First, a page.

Study after study has shown that stocks with low price-to-earnings multiples significantly outperform high P/E stocks. Research from my favorite investing guru, New York University professor Aswath Damodaran, pegged the outperformance at anywhere from 9%-12% per year, depending on the study period. That's big money we're talking about.
But you already know that you can't just go out and buy the stocks with the lowest multiples. Companies can trade at dirt cheap prices for a number of dire reasons, including low growth prospects, skepticism about earnings, or high risk of bankruptcy.
These dangerous stocks can quickly crater. Buy too many of them, and you'll increase your own risk of bankruptcy!
Thus, for a company to be truly undervalued, Damodaran says in his book Investment Fables: "You need to get a mismatch: a low price-to-earnings ratio without the stigma of high risk or poor growth."
Of course, you're unlikely to find any high-growth, low-P/E companies out there. But Damodaran suggests setting a reasonable minimum threshold for earnings growth, such as 5%. There are also various ways to minimize risk, including staying away from volatile stocks or companies with dangerous balance sheets.
The screen's the thing
We're looking for companies with low price-to-earnings multiples, but also a relatively low amount of risk, and the potential for reasonable growth. Our screen today will cover the best value plays in the semiconductor and semiconductor equipment industry, as defined by my nifty Capital IQ screening software.
There are 85 such companies with market caps topping $500 million on major U.S. exchanges. They have an average forward P/E of 19.1. Here are my parameters:
To stay away from bankruptcy risk, I used Damodaran's suggestion and only considered companies with total debt less than 60% of capital.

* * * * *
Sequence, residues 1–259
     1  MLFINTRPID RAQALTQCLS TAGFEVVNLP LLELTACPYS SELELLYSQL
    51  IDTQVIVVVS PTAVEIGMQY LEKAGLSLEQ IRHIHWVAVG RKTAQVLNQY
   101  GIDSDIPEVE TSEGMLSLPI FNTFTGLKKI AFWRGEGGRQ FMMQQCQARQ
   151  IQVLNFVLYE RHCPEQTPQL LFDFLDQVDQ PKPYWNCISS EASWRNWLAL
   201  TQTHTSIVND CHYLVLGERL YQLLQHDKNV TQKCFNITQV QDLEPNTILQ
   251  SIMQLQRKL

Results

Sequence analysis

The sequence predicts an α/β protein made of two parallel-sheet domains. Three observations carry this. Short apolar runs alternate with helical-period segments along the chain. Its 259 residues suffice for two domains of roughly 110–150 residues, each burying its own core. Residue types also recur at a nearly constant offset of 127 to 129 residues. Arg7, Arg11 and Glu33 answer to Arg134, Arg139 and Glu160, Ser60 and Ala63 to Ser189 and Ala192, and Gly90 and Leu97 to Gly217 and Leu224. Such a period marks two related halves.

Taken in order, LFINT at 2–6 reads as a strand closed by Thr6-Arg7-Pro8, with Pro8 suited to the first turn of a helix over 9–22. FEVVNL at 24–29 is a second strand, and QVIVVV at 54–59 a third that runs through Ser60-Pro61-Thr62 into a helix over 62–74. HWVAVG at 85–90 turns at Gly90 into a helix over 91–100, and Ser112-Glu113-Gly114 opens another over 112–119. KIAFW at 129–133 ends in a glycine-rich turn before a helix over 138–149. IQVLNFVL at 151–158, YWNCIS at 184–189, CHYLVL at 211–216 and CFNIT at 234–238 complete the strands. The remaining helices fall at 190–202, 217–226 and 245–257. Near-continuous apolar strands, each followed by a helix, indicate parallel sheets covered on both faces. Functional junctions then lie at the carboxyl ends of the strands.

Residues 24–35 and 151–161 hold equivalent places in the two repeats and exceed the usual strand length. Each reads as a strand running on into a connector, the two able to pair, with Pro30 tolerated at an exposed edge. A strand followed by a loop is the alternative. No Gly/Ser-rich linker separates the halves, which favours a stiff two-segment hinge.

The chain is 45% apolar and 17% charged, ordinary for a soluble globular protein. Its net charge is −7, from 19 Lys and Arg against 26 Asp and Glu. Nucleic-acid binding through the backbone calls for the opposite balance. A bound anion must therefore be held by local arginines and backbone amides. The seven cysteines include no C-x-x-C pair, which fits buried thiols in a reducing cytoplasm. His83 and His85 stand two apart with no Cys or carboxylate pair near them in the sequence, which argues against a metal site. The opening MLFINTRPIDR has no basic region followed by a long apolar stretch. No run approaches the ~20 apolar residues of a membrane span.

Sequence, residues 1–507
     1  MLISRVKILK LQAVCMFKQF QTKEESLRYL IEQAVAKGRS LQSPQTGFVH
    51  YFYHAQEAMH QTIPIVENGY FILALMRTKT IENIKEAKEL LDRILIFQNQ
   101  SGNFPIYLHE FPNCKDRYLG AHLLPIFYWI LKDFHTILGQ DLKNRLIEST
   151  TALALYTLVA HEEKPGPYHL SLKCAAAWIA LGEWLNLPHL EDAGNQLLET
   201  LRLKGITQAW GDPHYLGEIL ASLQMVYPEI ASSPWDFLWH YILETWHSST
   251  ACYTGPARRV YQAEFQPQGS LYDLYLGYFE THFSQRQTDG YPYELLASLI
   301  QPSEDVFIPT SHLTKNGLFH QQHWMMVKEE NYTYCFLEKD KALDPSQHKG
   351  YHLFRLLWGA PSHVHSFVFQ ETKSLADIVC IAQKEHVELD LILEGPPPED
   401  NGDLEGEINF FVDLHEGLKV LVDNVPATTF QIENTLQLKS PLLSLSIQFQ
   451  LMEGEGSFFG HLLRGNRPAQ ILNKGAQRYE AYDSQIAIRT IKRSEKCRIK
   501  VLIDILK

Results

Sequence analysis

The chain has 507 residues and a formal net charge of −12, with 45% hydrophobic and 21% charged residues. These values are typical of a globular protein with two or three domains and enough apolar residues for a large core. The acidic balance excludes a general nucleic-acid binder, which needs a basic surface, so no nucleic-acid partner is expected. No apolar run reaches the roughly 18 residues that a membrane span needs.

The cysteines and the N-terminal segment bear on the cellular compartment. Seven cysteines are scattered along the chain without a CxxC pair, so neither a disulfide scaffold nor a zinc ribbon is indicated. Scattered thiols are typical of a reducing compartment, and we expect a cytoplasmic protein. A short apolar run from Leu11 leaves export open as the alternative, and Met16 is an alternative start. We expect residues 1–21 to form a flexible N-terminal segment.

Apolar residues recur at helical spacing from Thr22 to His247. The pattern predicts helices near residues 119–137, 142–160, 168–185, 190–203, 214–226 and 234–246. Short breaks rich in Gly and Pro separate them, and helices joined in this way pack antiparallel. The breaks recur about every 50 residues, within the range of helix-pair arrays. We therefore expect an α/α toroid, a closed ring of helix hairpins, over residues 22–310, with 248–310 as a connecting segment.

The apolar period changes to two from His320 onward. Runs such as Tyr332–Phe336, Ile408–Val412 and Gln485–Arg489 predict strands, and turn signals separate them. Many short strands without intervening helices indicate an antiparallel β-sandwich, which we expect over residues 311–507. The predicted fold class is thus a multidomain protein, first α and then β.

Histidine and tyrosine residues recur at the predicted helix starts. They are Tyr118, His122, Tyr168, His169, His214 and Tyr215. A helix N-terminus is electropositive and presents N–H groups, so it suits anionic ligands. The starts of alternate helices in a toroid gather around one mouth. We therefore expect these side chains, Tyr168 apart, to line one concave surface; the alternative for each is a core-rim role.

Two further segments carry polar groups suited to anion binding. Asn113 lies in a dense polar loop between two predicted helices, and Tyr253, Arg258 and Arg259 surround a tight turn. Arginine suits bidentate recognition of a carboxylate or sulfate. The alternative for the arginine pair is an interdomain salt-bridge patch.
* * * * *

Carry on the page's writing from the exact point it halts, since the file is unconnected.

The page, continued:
In hopes of capturing a reasonable amount of growth, I looked at Capital IQ's long-term estimates, and kept only companies expected to grow EPS at 5% annually or better over the next five years. Furthermore, I required at least 5% annualized growth over the past five years.
Of the 27 companies passing the screen, here are the 10 with the lowest forward price-to-earnings multiples:
Kulicke & Soffa Industries
Advanced Micro Devices (NYS: AMD)
Intel (NAS: INTC)
NVIDIA (NAS: NVDA)
Broadcom (NAS: BRCM)
RF Micro Devices (NAS: RFMD)
Fairchild Semiconductor International
Cypress Semiconductor (NAS: CY)
Applied Materials (NAS: AMAT)
ASML Holding NV
Source: S&P Capital IQ.
After discovering Kulicke & Soffa on this screen several months ago, I did further research and bought the company for my real-money, Rising Star portfolio.
To further stack the odds on your side, Damodaran says you can eliminate any companies that have restated earnings or had more than two large restructuring charges over the past five years. And if volatile swings in price cause you to lose sleep, consider only companies with betas less than one.
If you're interested in keeping up with any of these companies, add them to your free watchlist by clicking the appropriate "add" button in the table. For more on this industry, you may be interested in our research report "The Only Stock You Need to Profit From the NEW Technology Revolution." Click here to claim your free copy.
At the time thisarticle was published Fool analyst Rex Moore tweets but is not a twerp. He runs a real-money, Rising Star portfolio based on his screens. He owns no companies mentioned here. The Motley Fool owns shares of Kulicke & Soffa Industries and Intel. The Fool owns shares of and has bought calls on Intel. Motley Fool newsletter services have recommended buying shares of Intel, Cypress Semiconductor, and NVIDIA. Motley Fool newsletter services have recommended writing puts in NVIDIA. Motley Fool newsletter services have recommended creating a bull call spread position in Intel. Try any of our Foolish newsletter services free for 30 days. We Fools may not all hold the same opinions, but we all believe that considering a diverse range of insights makes us better investors. The Motley Fool has a disclosure policy.
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